Joanne Mitchell, BAppSc (Cumb) DOBA
Heather Crossman, BAppSci (Latrobe) DOBA
Much research has gone into establishing the critical or sensitive period for the development of binocular vision in humans. An understanding of this and the plasticity of the visual system has had implications for the treatment of amblyopia in children. Occlusion therapy is thought to be effective until approximately eight years of age and most effective below the age of four years.
This paper presents a case study of an eleven year old boy who is diagnosed with cortical visual impairment, cerebral palsy and epilepsy. At six months of age no visual responses were evident on both observation and VER testing. At eleven months, responses to light were noted and vision continued to slowly develop. Part time occlusion to decrease right amblyopia began at the age of four years and eight months. Greatest improvement was noted between the ages of nine and ten years when vision improved to approximately 6/45, equalling the vision in the left eye.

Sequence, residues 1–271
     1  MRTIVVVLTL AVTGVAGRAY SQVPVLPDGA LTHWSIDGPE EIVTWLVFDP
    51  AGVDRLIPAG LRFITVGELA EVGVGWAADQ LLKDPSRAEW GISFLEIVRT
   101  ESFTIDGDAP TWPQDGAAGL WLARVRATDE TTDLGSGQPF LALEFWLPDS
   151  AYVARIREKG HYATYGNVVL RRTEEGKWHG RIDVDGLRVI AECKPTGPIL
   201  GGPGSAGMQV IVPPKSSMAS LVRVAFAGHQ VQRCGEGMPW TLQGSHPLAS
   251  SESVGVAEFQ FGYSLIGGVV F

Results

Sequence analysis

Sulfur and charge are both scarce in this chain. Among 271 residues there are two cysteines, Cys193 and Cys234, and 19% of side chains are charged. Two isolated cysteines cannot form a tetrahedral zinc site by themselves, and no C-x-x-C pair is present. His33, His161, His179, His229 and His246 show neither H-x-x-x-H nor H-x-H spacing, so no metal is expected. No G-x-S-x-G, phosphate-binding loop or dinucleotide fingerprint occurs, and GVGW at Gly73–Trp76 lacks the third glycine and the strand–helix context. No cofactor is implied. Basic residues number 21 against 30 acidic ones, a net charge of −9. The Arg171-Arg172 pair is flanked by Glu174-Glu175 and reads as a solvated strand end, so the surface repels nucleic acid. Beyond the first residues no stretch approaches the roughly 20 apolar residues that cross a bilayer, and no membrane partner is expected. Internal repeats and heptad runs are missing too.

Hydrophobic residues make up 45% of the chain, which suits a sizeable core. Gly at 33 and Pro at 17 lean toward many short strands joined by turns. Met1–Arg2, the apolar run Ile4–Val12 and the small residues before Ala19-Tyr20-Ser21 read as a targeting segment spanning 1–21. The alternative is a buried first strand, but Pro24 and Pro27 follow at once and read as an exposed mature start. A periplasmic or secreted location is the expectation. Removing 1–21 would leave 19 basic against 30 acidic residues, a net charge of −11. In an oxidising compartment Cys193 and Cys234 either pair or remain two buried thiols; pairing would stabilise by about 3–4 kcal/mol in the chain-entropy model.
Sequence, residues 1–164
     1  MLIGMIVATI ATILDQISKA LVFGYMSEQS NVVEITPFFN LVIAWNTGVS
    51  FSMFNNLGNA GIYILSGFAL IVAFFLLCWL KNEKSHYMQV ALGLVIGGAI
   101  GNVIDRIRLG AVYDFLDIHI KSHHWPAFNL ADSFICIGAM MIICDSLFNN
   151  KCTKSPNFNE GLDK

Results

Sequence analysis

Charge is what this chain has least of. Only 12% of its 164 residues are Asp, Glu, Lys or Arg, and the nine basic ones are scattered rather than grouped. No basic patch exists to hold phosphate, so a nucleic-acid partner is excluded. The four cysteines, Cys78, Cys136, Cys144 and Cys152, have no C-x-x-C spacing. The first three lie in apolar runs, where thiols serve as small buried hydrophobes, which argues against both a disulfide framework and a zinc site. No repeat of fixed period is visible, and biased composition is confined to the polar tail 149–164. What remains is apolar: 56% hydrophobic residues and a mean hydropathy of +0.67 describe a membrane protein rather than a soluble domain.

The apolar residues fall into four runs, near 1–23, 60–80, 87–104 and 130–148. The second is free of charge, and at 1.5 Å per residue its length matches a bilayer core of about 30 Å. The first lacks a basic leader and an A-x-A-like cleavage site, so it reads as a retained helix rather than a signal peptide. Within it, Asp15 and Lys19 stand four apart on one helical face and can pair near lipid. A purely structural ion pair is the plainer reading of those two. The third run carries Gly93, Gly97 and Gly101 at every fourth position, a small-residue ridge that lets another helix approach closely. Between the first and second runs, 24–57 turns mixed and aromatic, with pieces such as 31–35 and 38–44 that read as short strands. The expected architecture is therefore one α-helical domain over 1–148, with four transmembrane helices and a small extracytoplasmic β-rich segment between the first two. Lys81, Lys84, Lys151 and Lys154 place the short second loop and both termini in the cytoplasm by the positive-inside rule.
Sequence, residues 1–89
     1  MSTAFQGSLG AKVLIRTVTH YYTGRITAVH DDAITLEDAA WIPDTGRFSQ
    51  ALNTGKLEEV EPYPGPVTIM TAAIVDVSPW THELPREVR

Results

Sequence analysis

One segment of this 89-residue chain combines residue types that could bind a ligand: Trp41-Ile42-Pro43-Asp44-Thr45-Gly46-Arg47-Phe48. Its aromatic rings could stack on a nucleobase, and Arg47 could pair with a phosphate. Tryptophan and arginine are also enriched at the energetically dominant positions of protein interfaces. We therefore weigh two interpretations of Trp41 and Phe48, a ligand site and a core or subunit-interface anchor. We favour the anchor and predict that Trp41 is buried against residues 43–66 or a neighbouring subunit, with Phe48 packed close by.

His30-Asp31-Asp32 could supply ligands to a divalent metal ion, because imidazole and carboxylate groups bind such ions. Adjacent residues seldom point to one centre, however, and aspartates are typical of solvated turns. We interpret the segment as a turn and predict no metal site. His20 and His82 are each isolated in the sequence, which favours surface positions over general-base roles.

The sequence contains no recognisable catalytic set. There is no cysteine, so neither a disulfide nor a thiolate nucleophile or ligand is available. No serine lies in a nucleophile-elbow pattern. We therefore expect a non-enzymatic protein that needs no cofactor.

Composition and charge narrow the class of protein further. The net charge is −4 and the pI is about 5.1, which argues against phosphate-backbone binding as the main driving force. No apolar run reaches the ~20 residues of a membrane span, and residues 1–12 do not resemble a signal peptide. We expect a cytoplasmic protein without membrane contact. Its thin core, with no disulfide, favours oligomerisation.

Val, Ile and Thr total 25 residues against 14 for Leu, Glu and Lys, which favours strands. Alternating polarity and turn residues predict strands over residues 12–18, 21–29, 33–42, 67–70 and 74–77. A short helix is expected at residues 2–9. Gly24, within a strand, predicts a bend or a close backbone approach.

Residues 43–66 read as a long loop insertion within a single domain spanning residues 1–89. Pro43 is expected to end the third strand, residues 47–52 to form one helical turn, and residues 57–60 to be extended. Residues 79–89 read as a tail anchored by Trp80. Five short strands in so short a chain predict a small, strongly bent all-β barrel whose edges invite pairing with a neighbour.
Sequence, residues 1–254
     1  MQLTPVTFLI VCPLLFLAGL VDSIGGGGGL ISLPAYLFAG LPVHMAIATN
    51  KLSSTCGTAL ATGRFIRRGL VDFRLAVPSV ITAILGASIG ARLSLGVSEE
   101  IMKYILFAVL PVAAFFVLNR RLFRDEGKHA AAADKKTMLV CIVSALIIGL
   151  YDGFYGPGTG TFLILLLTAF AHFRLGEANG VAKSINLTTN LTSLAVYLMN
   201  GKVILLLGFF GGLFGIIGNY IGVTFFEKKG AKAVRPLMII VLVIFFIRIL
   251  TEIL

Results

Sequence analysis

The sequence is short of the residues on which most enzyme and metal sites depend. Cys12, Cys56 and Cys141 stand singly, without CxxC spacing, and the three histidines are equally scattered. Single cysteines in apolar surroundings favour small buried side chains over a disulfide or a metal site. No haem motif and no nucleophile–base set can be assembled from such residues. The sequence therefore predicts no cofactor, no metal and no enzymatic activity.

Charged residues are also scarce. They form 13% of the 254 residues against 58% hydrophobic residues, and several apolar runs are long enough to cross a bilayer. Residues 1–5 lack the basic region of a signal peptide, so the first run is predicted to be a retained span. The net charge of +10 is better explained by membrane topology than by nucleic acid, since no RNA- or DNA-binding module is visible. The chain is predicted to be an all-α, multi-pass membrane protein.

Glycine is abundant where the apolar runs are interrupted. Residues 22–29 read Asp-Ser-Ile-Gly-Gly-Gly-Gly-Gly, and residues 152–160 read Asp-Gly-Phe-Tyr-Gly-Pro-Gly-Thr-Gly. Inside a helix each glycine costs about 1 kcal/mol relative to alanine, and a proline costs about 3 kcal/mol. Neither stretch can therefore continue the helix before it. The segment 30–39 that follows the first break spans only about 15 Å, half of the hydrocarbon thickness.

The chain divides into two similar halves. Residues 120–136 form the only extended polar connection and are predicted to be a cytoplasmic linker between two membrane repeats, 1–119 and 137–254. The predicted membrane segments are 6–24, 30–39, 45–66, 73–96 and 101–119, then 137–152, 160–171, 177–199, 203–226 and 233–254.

Literature in the 80’s, describing experiments on cats, found a lengthening of the “critical period” following an early period of no visual attention. The hypothesis is made that in cases of delayed visual development in children there is the possibility of a lengthening of the sensitive period and thus response time to occlusion therapy.